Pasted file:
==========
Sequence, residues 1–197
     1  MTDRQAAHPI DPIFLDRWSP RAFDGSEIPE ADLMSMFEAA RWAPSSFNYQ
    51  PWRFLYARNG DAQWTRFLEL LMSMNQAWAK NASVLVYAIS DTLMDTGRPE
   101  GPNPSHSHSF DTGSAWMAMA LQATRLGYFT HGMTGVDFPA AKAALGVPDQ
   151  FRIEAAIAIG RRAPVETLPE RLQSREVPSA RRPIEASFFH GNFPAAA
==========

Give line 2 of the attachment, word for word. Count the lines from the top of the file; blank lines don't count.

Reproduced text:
     1  MTDRQAAHPI DPIFLDRWSP RAFDGSEIPE ADLMSMFEAA RWAPSSFNYQ